As Will McDonald wrote last week, the Royals recently enjoyed their best 11 days since 1985, signing decent players to reasonable contracts, miraculously shedding Gil Meche's $12 million salary, and being recognized for having the best farm system in the game.
Meanwhile, Royals Authority's Craig Brown has crunched the numbers and concluded that the Royals' Opening Day payroll will come in just north of $33 million, the lowest in the majors and their lowest since 2000.
Oh, and by the way ... This is a really really really good thing, leaving plenty of room in the budget for signing draft picks and international free agents (which, frankly, I recommended years ago, especially when Gil Meche was signed).
Will general manager Dayton Moore maintain his suddenly thrifty ways?
As we get closer to the actual Opening Day, the fear is still there that GMDM could waste spend some of his surplus on another pitcher, like Kevin Millwood. Even though he’s gone on the record stating he’s 99.9 percent certain the Royals personnel is set as we head to Surprise, GMDM hasn’t always been truthful. There will be pressure from fans and from suits within baseball to elevate the payroll… Because believe me, this payroll will be in the news in another month and a half. The media in New York and Boston will have a field day and trot out the usual Kansas City Cliches. Hopefully, GMDM can ignore the pressure and keep his focus on building the team for the future.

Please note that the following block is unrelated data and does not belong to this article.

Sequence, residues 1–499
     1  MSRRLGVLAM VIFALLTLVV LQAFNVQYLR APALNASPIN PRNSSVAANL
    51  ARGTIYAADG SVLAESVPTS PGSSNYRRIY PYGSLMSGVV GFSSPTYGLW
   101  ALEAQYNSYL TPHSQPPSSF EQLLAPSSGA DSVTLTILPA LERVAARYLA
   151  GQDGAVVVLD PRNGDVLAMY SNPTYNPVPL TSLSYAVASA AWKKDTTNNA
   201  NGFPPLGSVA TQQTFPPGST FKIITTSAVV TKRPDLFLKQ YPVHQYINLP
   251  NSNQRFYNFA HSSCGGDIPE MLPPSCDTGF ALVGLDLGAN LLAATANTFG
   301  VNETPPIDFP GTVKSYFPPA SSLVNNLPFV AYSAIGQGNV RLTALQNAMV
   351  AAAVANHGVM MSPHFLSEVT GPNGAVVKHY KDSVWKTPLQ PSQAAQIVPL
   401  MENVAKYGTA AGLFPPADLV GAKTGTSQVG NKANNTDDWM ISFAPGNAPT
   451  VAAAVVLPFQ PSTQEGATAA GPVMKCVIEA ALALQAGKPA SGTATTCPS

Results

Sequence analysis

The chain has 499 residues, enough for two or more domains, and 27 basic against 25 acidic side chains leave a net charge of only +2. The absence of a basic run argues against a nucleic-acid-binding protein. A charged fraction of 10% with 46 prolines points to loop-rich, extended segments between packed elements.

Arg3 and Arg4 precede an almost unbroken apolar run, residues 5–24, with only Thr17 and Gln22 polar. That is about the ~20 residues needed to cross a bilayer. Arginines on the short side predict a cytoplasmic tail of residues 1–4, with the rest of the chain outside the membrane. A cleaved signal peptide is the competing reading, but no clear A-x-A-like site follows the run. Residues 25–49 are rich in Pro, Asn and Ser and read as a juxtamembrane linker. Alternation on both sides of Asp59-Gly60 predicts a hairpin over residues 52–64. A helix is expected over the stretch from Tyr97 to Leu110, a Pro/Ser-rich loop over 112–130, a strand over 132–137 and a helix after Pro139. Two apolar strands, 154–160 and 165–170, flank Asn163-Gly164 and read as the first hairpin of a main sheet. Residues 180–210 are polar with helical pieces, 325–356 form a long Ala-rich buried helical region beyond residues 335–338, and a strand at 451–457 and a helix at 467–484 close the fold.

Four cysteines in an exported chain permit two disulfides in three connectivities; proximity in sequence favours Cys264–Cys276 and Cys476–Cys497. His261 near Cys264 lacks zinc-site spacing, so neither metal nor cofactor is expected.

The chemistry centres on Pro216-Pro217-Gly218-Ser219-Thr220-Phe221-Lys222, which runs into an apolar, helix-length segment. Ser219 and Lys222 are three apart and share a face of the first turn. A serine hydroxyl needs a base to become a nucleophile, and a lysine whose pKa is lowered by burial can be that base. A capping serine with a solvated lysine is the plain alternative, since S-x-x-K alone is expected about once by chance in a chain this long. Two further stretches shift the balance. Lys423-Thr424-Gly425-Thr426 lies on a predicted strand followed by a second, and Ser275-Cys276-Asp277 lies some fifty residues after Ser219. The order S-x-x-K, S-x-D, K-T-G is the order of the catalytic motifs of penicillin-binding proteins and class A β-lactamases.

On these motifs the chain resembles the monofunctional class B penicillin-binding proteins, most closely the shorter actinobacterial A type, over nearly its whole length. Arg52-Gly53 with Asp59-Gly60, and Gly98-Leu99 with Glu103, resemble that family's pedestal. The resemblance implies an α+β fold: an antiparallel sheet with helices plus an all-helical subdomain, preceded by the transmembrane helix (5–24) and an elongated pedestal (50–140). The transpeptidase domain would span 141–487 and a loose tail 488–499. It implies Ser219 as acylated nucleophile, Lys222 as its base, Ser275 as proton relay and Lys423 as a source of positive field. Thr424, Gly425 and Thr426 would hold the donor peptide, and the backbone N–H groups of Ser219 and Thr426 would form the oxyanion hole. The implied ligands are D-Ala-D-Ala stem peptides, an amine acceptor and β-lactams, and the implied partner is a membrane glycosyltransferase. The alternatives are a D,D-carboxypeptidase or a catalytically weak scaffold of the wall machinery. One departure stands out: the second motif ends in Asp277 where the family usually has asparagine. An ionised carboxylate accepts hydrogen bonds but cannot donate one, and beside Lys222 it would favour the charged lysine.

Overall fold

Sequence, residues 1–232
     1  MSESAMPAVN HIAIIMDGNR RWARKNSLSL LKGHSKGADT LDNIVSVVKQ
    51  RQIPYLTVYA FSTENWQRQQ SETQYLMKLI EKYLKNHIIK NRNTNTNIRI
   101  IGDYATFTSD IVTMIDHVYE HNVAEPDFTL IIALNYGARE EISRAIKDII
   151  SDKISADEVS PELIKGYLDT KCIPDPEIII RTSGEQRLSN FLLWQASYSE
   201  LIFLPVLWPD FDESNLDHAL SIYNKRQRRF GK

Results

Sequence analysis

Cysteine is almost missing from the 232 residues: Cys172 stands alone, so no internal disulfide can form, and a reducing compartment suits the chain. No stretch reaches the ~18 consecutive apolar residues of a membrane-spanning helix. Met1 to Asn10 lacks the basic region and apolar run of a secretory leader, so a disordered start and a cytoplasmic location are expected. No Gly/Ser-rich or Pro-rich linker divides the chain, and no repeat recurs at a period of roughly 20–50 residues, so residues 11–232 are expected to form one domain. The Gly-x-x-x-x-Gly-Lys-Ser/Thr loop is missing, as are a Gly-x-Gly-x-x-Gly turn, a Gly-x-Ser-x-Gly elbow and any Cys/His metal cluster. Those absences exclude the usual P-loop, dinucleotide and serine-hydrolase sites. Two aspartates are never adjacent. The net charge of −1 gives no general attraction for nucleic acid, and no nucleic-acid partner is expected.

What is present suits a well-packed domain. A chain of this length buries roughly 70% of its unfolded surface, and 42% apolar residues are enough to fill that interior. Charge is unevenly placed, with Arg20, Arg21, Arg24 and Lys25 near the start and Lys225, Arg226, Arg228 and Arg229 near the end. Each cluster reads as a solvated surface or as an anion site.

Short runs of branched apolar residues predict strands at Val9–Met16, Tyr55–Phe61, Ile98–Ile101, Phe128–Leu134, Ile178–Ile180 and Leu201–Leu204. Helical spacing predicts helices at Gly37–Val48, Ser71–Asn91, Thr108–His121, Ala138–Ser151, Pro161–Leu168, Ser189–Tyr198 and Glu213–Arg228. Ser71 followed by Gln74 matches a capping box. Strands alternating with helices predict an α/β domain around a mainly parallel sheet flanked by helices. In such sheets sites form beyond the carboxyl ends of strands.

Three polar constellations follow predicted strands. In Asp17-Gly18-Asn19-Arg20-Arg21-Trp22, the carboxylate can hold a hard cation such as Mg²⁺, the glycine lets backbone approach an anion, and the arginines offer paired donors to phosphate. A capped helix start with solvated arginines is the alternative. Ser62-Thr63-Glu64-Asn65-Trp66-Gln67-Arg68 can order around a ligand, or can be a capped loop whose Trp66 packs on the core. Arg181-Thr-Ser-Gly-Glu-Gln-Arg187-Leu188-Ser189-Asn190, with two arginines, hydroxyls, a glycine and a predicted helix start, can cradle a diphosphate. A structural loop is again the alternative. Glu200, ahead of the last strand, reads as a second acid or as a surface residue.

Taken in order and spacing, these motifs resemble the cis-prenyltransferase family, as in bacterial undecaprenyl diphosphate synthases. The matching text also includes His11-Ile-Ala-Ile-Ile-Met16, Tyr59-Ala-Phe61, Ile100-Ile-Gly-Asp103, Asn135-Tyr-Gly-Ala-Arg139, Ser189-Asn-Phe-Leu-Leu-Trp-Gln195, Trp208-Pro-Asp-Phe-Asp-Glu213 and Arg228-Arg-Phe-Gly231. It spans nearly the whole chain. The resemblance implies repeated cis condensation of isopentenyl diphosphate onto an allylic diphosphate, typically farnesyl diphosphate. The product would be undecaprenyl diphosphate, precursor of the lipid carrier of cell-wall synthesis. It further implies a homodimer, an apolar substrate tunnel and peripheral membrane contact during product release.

Pressure from fans? Maybe a little.
Pressure from "suits in baseball"? Most of the suits in baseball will be thrilled if the Royals keep their payroll below $35 million.
And the media in Kansas City is a collective pussycat compared to the lions and tigers in the big cities.
If there's any pressure at all, it's likely to come from the Players Association, which understandably takes a dim view of franchises that benefit from revenue-sharing (as the Royals do) but don't plow those monies back into payroll.
Fortunately, while teams are supposed to spend those monies, they're not required to spend them on payroll. As long as they're spending it "to improve the team," there's not a lot the union can do.
Also, this is probably just a one- or two-year thing. The Royals have been spending too much money for nearly 20 years, chasing .500 (and usually falling well short) when they should have been husbanding their meager financial resources and investing in their farm system.
Which is exactly what they're doing now, finally.
The Royals are going to be terrible this season, with 100 losses a distinct possibility. If they play that poorly, they'll probably sport the lowest payroll in the majors next year, too. But owner David Glass is not cheap, and the moment the club shows some signs of life -- presumably because that stellar farm system is paying off -- Glass will probably open the wallet for a few mid-range free agents.
And for all the great work that Dayton Moore has done with the farm system, he'll then have another big test to pass. If Glass's millions aren't spent well, the Royals won't win and all those prospects will be wasted.